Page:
“Adaptation is a tricky alchemy,” notes DiTerlizzi, whose series The Spiderwick Chronicles has gone through two very different adaptations, first as a film and now recently as a TV series. “It’s very tough to transmute a book into zeroes and ones. But Bobs, John, David and Dana, and the whole team at Skydance, were very respectful of me as a storyteller and wanted me to be very involved in this production, which is unusual. I was excited to have a front row seat to see how things were made from soup to nuts. I was already a tremendous fan of animation so to have that respect going both ways, I think, really helped make this amazing.”

WondLa is also the first Skydance production to utilize the studio’s brand new Costume Design Department, the first official department of its kind in animation, led by fashion design expert Neysa Bove, who has done costume design for Disney films like Moana, Raya and the Last Dragon, and Encanto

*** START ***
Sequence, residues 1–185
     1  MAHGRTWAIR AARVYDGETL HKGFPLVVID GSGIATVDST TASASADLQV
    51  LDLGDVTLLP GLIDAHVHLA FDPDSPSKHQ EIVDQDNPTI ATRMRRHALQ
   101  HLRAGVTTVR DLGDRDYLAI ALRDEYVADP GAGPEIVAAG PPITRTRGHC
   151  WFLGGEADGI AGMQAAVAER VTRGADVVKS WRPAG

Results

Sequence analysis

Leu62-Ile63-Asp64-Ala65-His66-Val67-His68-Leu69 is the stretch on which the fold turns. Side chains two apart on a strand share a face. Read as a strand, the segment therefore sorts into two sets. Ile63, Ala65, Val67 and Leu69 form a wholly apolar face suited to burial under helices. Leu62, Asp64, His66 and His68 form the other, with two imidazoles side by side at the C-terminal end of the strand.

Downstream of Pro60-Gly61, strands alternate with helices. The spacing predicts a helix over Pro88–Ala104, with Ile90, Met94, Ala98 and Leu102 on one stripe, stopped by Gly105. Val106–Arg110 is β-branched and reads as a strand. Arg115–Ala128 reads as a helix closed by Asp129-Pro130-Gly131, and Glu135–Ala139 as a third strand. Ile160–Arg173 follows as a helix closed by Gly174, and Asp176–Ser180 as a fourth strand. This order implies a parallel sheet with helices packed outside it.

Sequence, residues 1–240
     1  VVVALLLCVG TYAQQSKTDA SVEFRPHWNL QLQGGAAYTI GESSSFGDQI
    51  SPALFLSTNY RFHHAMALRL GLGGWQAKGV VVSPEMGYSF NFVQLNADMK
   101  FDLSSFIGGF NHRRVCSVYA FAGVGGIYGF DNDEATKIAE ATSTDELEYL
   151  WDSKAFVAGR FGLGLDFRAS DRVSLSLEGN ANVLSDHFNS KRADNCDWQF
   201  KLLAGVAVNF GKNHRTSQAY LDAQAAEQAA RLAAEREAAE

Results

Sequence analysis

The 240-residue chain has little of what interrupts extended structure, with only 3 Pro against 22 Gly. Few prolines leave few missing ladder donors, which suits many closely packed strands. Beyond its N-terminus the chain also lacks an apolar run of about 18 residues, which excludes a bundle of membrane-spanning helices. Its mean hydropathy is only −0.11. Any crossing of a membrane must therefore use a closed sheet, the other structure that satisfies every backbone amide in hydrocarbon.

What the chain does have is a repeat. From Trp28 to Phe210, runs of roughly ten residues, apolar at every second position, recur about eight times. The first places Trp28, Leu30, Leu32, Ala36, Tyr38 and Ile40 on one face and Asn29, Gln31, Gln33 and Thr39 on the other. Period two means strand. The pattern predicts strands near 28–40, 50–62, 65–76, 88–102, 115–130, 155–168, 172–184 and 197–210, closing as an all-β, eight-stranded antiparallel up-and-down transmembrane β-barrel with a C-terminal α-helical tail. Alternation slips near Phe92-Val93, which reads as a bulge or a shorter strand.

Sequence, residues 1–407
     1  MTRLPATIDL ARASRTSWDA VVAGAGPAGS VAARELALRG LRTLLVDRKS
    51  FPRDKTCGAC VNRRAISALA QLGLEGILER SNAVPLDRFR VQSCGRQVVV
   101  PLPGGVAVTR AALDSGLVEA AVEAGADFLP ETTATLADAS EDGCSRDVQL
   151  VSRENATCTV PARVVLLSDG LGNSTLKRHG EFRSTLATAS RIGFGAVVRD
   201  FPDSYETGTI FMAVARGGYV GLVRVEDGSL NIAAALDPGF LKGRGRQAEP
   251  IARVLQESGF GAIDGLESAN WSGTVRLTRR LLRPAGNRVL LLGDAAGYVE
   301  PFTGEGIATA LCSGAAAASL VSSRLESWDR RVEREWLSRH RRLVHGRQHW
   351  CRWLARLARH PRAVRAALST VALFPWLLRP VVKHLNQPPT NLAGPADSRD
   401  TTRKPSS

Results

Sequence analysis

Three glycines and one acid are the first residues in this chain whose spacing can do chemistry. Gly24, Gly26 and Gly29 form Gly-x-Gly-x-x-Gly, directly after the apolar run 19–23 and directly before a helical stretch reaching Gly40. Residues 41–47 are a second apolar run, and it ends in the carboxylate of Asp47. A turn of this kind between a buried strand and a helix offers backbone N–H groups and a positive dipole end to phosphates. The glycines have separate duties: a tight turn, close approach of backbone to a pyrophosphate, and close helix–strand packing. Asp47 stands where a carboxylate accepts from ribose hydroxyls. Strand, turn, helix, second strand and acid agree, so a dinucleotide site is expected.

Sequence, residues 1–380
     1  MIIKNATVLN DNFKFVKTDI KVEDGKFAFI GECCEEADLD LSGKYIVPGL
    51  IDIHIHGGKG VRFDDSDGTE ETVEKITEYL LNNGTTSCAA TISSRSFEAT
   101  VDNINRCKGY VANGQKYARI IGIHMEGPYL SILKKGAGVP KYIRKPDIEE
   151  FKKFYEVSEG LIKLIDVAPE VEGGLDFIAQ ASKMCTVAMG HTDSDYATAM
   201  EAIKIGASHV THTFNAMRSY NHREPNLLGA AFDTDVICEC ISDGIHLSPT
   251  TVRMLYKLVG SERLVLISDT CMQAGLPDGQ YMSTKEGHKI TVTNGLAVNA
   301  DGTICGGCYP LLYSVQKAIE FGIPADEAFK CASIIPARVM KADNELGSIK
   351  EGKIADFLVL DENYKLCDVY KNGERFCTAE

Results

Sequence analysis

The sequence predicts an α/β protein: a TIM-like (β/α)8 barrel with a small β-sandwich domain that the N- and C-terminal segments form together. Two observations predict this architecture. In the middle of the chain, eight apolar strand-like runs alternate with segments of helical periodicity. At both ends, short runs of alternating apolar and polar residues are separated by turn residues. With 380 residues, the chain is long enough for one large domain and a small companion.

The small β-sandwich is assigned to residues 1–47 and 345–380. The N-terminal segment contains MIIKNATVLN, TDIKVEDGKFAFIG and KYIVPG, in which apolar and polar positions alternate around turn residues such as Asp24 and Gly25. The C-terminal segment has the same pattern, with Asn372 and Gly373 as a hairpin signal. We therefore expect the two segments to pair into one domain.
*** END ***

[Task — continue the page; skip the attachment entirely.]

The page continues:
“I would show Neysa my illustrations and inspirations for the book, artists that inspired me, and she would take it and run with it,” says DiTerlizzi.

Gannaway adds, “Animation is such a business of disciplines–lighters, animators, background, vizdev–that we asked ourselves, ‘Why don’t we have a designated costume designer and design department?’ And when it came to Eva’s Dynasty Corporation outfit and as she ventures out into the world and meets different races of aliens and environments, it became more clear that having Neysa there to bring in authentic world patterns and textures was a terrific idea.”

The patterns, fabric, color, and style of a character’s clothing are details that, as Gannaway notes, “can go completely unnoticed.” But they are often what authenticates the world of a story and the cultures represented, whether they are real or fictitious. For Moana, Bove drew from Oceanic heritage; for Encanto it was Latin American culture. But, for WondLa, the challenge was unique.